Tuesday, 18 January 2011

The Ordinariate: Anglican Ponderings


Well, “hurrah” for the establishment of the Ordinariate of Our Lady of Walsingham under the patronage of Blessed John Henry Newman. The happy birds ‘Te Deum’ sing! The Women’s Guild offers its sincere congratulations to the first priests of the Ordinariate: Father Andrew Burnham and Father John Broadhurst, and to the new ordinary, Father Keith Newton. Our prayers are also offered for those involved in setting everything up and for all those preparing to enter the Ordinariate this spring in the ‘first wave’ (eagerly clutching their yellow and white surfboards). There is much to come: sacrifice, uncertainty, trepidation; yet also, of course, a profound sense of joy and excitement.

In the midst of all this change, it is important to remember that between those now preparing to enter into the full communion of the See of Peter and those remaining in the Church of England (either in the short or long term) there needs to be meaningful and generous-spirited discussion, and mutual support. On one level, decisions such as whether or not to seek to join another denomination are reliant on a spiritual exploration of the Lord’s will for us. They involve prayer and the humble entreaty of the Lord to make His will known. Yet they also involve intellectual consideration, both of the history of our position - its development over the centuries and recent decades - and the realities of the present situation.

It is in this context of intellectual enquiry and exchange that rhetoric becomes most important and also, potentially, most problematic. Misunderstandings and mistakes abound – indeed they are propagated by people who, dare I say it, really ought to know better. They are frustrating because they are rehearsed over and over again and rarely challenged, at least with any real success. I offer three examples. Firstly, the ‘Church of my Baptism’ line. The Church of my Baptism is not the local church I attended when I was baptised. It is not the Church of England. It is the Universal Church: The Body of Christ. Secondly, the use of the terms ‘Plan A’ and ‘Plan B’. There is more than a tendency to regard the Ordinariate as a last-ditch option when all others in the Church of England have been exhausted. To have argued consistently for full visible unity, but to view the Ordinariate as ‘Plan B’ seems, forgive me, more than a little perverse. Indeed, I wonder what ‘Plan A’ might be… In any case, the use of these terms is confusing and unhelpful. Thirdly ‘seeing the Synodical process through’. I’d wager that most people peddling this line aren’t convinced that it’s an effective way of governing a church anyway. Waiting for Synod to act in order to ‘keep people safe’ seems very odd. Maybe it’s just me.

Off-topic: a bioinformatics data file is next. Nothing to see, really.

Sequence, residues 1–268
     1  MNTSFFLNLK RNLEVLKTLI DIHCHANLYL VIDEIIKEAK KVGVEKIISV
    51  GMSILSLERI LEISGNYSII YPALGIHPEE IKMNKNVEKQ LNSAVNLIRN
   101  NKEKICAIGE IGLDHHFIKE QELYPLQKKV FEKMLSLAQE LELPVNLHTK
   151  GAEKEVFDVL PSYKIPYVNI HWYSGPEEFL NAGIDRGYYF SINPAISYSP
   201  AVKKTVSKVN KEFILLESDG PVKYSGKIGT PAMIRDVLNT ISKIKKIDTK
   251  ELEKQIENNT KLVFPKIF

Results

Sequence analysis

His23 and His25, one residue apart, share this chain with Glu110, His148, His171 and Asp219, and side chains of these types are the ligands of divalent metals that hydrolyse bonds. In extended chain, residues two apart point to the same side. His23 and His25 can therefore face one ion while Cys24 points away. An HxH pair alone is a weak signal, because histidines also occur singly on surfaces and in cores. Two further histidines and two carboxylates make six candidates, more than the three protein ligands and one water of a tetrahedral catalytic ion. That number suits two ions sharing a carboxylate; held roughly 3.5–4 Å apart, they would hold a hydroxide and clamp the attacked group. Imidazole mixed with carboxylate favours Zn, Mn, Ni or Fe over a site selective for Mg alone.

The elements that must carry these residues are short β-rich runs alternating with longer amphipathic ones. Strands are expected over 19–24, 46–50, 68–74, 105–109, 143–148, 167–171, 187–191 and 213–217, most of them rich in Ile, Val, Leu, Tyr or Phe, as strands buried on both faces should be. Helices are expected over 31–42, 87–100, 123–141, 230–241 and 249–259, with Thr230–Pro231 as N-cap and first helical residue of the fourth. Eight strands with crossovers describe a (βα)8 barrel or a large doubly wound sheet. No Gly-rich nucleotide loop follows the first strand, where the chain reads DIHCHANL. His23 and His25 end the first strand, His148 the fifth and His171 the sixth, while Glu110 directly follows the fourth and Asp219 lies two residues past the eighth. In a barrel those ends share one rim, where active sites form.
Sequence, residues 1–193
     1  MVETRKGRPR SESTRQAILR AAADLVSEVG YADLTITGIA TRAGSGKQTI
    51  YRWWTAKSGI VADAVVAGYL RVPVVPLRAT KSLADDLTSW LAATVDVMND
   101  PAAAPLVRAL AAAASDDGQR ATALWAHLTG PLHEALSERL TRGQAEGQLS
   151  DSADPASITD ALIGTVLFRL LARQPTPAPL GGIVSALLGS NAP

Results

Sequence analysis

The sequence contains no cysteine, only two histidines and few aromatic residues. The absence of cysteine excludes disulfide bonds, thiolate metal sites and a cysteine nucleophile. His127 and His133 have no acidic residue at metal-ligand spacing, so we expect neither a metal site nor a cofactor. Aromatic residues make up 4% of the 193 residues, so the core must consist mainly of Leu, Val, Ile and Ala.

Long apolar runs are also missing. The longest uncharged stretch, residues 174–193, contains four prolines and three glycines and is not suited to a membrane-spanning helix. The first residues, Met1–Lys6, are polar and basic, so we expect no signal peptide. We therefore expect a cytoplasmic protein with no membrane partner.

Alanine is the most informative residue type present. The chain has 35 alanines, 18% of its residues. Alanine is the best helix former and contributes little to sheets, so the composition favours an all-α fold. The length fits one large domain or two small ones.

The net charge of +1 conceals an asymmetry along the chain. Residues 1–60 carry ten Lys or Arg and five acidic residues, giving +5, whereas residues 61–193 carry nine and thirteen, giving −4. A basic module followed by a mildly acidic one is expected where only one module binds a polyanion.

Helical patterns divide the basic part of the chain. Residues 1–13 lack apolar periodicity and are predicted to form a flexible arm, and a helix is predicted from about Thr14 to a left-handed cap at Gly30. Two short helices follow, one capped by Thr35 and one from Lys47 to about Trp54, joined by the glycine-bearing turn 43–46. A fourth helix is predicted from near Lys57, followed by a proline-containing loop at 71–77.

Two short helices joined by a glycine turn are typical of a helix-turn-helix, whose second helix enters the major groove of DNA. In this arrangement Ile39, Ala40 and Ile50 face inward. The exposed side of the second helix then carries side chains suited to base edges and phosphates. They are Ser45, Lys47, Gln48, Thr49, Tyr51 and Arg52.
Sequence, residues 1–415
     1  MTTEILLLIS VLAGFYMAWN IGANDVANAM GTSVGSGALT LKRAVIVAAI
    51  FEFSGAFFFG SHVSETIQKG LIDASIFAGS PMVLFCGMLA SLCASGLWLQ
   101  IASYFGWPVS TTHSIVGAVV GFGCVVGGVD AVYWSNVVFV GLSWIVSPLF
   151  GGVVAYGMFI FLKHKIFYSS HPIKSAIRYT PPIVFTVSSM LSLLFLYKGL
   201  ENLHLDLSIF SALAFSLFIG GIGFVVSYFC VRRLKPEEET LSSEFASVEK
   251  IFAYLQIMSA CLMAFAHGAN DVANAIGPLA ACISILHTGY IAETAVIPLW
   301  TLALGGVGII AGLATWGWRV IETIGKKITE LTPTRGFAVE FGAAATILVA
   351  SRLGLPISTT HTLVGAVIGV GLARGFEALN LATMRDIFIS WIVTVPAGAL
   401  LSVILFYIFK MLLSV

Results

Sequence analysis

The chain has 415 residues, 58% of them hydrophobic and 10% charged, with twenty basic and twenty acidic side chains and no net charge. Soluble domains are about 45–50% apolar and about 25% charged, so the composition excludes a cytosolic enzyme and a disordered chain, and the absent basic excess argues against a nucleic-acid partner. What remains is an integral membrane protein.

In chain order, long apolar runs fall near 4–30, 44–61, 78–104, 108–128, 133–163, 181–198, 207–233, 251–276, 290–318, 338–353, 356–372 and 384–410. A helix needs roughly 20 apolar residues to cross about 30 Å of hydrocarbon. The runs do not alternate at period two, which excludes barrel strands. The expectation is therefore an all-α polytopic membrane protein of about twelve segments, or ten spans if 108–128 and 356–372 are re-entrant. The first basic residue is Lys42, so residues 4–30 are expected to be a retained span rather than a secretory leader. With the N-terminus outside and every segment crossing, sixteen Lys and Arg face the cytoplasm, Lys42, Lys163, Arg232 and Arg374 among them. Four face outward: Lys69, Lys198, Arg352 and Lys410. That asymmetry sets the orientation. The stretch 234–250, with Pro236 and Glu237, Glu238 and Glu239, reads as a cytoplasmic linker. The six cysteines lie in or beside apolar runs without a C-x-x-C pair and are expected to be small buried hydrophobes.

One of the things I find most frustrating about the structure of the General Synod, is that debates are rarely that – they involve a variety of people simply ‘having their opinion’ at each other, rather than engaging in genuine debate and discussion. As I have written previously on this blog, whatever one concludes about the legitimacy of a democratically elected Synod as a means of deciding the doctrine of the church, something as significant as the salvation of our souls seems too precious, too fundamental to be decided by ‘debate’ which is unworthy of the name. Similarly, when we discuss and debate the value of ‘staying’ or ‘going’ as it is increasingly viewed, the debate, the intellectual exchange and understanding appears frequently to be lost. It is not simply a shame – it is an outrage.       

This division of Anglo-Catholics/Anglo-Papalists/High Church Anglicans and the like into ‘stayers’ and ‘goers’ at the present time is, of course, understandable. Yet it also seems to be dissolving at times into a competition to decide who’s ‘worse off’. For those immediately joining the Ordinariate there is uncertainty as a whole host of questions are as yet to be answered: ‘Where will clergy of the Ordinariate live? Where will they minister? Who will pay their stipend? Where will laity worship?’ For those staying behind there are similar questions: ‘Will Synod find an adequate means with which to respect the wishes of ‘traditionalist Anglicans’ who, for various reasons, do not wish to enter into communion with the Holy See?’ To suggest that either side is enjoying ‘calmer waters’ is to miss the point. Indeed, it is foolish and wrong for either side to convince themselves that they have it worse, or that the grass is necessarily greener on the other side. We must all recognise that, whichever path we choose in the coming weeks and in the future, our prayers for our Christian brothers and sisters are required of us. At the ordination of Fathers Andrew, Keith and John to the diaconate last Thursday, the preacher, Father Tony Philpot said of Blessed John Henry Newman that the ‘demands of the Gospel had become irresistible to him’. If we call ourselves Christians, then this much we must know, and we can do nothing else, than to be obedient to Christ’s call to prayer .   

Prevent us, O Lord, in all our doings, with thy most gracious favour, and further us with thy continual help, that in all our works begun, continued, and ended in thee, we may glorify thy Holy Name, and finally by thy mercy obtain everlasting Life, through Jesus Christ our Lord. Amen.

1 comment:

  1. Interesting post. I especially enjoyed your observations on the three well-rehearsed excuses for remaining in the Anglican Communion. Goodness knows I've heard them far too many times myself.

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